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These Levitating Droplets Behave Strangely Like Quantum Particles

These silicon oil droplets have an odd quality to them, and it has nothing to do with the way they bounce over the petri dish. They truly mimic many of the bizarre quantum mechanical processes, although on a scale that we can actually observe. And this Veritasium episode explores how that can aid in our understanding of some of the wilder theories relating to quantum particles.

But first, let's ask ourselves why these oil droplets are even bouncing in the first place. Derek from Veritasium has positioned a petri dish filled with silicon oil on top of a speaker in the experiment above, and he is vibrating the dish with the speaker.


He can use a toothpick to create droplets that bounce over a thin layer of air between the oil and the droplet that never becomes too small for the oil to recombine, hovering around the surface.

A standing wave that oscillates up and down is produced in the dish each time the droplet bounces.


The standing wave is not just produced by the droplet; it also interacts with it on its subsequent bounce. Additionally, if it keeps touching down on the same side of the wave, the droplet is propelled ahead and is referred to as a "walker" by scientists.

But how these droplets act is what's really fascinating. Although they are around 1 millimetre wide and far too large to be quantum, researchers have just lately learned that they can utilise these tiny droplets to mimic many of the peculiar effects of quantum physics.


Consider the traditional double-slit experiment as an illustration. The double-slit experiment, which is used in classical quantum mechanics, involves directing a stream of particles, such as electrons, towards two small slits.

On the other side, as opposed to producing two discrete clusters of electrons behind the slits as you might anticipate, they instead form an interference pattern, or a very equal scattering of electrons.


That is only one of the many puzzling events in quantum physics; it occurs even when you send the electrons through one at a time.

You may do the double-slit experiment with these bouncing oil droplets and see how the standing wave (also known as the pilot wave) passes through both slits but the droplet itself only passes through one.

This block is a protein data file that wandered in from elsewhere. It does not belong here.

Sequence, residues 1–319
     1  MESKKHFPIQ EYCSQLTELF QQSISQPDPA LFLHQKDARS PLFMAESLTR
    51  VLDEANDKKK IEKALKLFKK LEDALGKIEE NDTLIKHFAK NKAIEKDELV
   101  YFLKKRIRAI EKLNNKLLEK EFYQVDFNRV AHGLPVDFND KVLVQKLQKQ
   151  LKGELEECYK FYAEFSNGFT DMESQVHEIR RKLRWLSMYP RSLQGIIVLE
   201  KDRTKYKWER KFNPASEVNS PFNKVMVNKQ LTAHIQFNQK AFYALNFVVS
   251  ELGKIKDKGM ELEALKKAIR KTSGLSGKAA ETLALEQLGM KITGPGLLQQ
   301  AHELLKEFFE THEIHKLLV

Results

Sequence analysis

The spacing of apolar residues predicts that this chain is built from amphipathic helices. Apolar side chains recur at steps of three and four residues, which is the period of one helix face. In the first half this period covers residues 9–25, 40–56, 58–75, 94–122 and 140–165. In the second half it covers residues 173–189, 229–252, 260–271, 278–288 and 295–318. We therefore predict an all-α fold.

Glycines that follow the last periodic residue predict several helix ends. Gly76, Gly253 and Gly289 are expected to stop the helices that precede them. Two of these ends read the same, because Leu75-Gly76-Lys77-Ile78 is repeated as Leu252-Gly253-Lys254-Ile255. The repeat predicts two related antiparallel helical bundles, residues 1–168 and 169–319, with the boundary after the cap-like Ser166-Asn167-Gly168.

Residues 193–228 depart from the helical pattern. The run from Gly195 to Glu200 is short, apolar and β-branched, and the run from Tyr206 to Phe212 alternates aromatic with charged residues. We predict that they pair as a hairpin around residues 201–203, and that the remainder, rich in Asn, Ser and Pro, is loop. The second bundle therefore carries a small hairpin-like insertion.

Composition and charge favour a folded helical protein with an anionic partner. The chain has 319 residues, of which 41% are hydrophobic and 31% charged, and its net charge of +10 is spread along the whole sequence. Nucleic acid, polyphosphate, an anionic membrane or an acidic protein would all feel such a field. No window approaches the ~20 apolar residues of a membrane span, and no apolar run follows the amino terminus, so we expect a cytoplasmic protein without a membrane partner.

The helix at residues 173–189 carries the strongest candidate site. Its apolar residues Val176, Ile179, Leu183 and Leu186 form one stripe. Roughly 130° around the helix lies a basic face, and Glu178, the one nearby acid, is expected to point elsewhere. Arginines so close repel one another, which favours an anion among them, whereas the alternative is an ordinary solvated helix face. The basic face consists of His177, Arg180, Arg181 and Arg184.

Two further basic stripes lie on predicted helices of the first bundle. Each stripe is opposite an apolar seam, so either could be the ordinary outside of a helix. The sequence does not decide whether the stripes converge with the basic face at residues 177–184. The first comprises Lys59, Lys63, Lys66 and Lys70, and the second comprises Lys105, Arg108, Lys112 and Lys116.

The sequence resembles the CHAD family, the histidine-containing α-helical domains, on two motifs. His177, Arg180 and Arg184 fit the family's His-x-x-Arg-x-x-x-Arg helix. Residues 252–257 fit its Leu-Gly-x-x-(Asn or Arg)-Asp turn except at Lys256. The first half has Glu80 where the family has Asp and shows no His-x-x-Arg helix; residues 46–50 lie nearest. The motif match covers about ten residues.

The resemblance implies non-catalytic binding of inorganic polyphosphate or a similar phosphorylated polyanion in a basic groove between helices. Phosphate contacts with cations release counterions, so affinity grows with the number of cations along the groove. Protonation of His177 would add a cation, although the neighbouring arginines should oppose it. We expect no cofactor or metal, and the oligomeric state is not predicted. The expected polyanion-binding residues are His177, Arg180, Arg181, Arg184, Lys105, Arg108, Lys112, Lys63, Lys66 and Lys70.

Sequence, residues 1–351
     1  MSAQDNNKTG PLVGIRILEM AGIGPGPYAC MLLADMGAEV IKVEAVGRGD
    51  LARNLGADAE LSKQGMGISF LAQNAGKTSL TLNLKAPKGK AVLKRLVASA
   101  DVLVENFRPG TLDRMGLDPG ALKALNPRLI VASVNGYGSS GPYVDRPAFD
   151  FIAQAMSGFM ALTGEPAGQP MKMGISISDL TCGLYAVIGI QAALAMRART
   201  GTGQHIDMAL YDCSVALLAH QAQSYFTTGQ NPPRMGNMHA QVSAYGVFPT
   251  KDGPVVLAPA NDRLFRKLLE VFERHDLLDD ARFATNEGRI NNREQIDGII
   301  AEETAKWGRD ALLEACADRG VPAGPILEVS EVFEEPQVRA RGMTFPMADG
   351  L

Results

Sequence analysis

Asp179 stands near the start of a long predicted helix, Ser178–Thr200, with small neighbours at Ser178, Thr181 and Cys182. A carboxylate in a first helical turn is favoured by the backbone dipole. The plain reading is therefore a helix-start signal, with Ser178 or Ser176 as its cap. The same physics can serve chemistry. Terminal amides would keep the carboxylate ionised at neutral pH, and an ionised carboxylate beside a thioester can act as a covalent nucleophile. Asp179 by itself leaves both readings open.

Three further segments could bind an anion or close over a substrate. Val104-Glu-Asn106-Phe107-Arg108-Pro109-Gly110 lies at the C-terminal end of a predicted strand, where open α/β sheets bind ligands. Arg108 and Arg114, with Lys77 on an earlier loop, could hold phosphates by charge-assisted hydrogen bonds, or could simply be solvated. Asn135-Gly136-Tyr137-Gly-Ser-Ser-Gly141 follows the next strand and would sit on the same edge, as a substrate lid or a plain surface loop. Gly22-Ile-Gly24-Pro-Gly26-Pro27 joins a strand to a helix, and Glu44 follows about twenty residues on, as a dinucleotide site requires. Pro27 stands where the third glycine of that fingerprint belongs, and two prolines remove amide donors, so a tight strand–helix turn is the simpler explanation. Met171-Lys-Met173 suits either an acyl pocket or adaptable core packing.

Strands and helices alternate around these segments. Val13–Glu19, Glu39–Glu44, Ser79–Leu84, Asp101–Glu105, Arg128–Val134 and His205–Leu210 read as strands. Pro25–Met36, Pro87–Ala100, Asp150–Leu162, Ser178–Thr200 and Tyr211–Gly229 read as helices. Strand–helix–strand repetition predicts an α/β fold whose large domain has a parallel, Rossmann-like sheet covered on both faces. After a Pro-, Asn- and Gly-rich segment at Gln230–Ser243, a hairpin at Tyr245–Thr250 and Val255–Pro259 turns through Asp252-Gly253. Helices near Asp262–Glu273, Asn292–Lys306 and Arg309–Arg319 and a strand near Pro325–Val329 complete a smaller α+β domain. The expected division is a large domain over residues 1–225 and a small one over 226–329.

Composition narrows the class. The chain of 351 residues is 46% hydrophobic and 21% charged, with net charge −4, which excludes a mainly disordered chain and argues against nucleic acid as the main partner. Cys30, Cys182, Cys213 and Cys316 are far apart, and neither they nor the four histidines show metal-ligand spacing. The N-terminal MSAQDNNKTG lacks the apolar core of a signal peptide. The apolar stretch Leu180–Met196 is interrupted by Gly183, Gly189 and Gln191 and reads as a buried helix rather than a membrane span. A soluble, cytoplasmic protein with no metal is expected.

But since they are jostled and steered by these standing waves, the droplets don't always go in a straight path. As a result, the droplets end up dispersed on the other side in a pattern that closely resembles a quantum interference pattern.

That's strange enough, but the droplets also exhibit the same quantum tunnelling phenomena, which allows a particle to pass through a wall that it wouldn't have the energy to cross in a classical universe.


The chaotic movement of an oil droplet known as a "walker" contained in a circular corral, such as a petri dish, can be observed over time as it bounces off its standing waves. This allows you to create a probability density that displays the probability that the droplet will be found at any given location within the petri dish at any given time.

That pattern will, it turns out, resemble the probability density of electrons contained in a quantum corral quite a bit. Which is strange, but obviously not a coincidence.


Why then do these droplets resemble quantum particles so much?We'll let Derek explain that in the video above, but let's just say that observing these little bouncing droplets can help physicists (and the rest of us) wrap our tiny human minds around some of the competing hypotheses out there about quantum mechanics, such as the Copenhagen interpretation and pilot wave theory.


Check it out and see which you think makes more sense - or just marvel at strange bouncing oil droplets that seem to defy physics. You do you.


And if you want to find out more about how oil droplets - and even water - levitate in the first place, check out the incredible episode of Smarter Every Day below… he even makes them happen in space:

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